In the case μ=0 we have -μm/m=0 and the relation (3.35) ensures that limTaT(logta)μφ(t)|u(t)|mdttC. Moreover, it is clear that (logθTa)-μ/mθTT(JT-1-α|δφ|φ1/m)(t)(logta)μ/m|u(t)|φ1/m(t)dtt(logθTa)-μ/m[θTT(JT-1-α|δφ|φ1/m)m(t)dtt]1/m[θTT(logta)μ|u(t)|mφ(t)dtt]1/m. This relation, together with (3.27) (relations (3.28) and (3.31) also are used without θ), implies that aT(logta)μφ(t)|u(t)|mdttK[θTt(logta)μ|u(t)|mφ(t)dtt]1/m for some positive constant K, with limTθTT(logta)μ|u(t)|mφ(t)dtt=0 due to the convergence of the integral in (3.38). This is again a contradiction.

If μ<0, we have (log(t/a))-μ/m(log(T/a))-μ/m (because -μ/m>0 and t<T). Then, the change of variables t=(T/a)σ and s=(T/a)r in (3.27) yields aT(logta)μφ(t)|u(t)|mdtt(log(T/a))1-μm/mΓm(1-α)lnθT/ln(T/a)lnT/ln(T/a)(σlnT/ln(T/a)(ln(T/a)r(T/a)σ)-α|φ(r)|φ1/m(r)dr)mdσ, or aT(logta)μφ(t)|u(t)|mdtt(log(T/a))1-αm-μm/mΓm(1-α)lnθT/ln(T/a)lnT/ln(T/a)(σlnT/ln(T/a)(r-σ)-α|φ(r)|φ1/m(r)dr)mdσ. The expression |φ(r)|/φ1/m(r) may be assumed bounded (or else we use φλ(r) with a large value of λ). Hence, aT(logta)μφ(t)|u(t)|mdttC(logTa)-m-μm/m for some positive constant C.

Although we are concerend here about nonexistence of solutions, using standard techniques, one may show the existence of local solutions of Problem (1.1) with 1<m<(1+μ)/(1-γ). However, according to Theorem 3.2, such a solution cannot be continued for all time in C1-γ,logγ[a,b]. This is a phenomenon which occurs often in parabolic and hyperbolic problems with sources of polynomial type. In the absence of strong dissipations, these sources are the cause of blowup in finite time (of local solutions). For this reason, they are called blowup terms.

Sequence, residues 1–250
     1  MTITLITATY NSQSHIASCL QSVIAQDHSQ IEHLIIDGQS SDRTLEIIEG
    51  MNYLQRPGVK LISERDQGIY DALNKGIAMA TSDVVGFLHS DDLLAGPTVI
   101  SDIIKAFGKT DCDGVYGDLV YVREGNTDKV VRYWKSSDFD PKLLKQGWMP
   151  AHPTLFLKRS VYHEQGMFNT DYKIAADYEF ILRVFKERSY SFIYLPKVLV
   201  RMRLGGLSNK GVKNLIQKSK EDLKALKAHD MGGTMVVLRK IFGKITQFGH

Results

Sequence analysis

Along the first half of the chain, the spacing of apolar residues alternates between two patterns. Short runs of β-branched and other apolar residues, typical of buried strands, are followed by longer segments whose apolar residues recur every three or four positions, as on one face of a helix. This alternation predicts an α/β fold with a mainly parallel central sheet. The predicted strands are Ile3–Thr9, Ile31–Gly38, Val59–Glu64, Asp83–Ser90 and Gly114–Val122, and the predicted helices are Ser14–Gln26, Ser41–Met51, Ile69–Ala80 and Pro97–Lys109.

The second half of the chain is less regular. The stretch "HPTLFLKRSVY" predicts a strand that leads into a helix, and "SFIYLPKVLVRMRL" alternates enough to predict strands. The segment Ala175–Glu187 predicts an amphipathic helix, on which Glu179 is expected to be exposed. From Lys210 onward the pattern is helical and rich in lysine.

4. Example

For our example, we need the following lemma.

Lemma 4.1.

The following result holds for the fractional derivative operator 𝒟a+α,β: (Da+α,β[(logsa)γ-1])(t)=Γ(γ)Γ(γ-α)(logta)γ-α-1,  t>a;  γ>0, where 0<α<1 and 0β1.

Proof.

We observe from Lemma 2.8 that (Ja+(1-α)(1-β)(logsa)γ-1)(t)=Γ(γ)Γ((1-α)(1-β)+γ)(logta)γ+(1-α)(1-β)-1. Therefore, (tddt)(Ja+(1-α)(1-β)(logsa)γ-1)(t)=[γ+(1-α)(1-β)-1]Γ(γ)Γ((1-α)(1-β)+γ)(logta)γ+(1-α)(1-β)-2, which, in light of the definition of 𝒟a+α,β, yields (Da+α,β[(logsa)γ-1])(t)=Γ(γ)Γ((1-α)(1-β)+γ-1)(Ja+β(1-α)(logsa)γ+(1-α)(1-β)-2)(t). From Lemma 2.8 again, we have (Da+α,β[(logsa)γ-1])(t)=Γ(γ)Γ(β(1-α)+γ+(1-α)(1-β)-1)(logta)β(1-α)+γ+(1-α)(1-β)-2=Γ(γ)Γ(γ-α)(logta)γ-α-1. The proof is complete.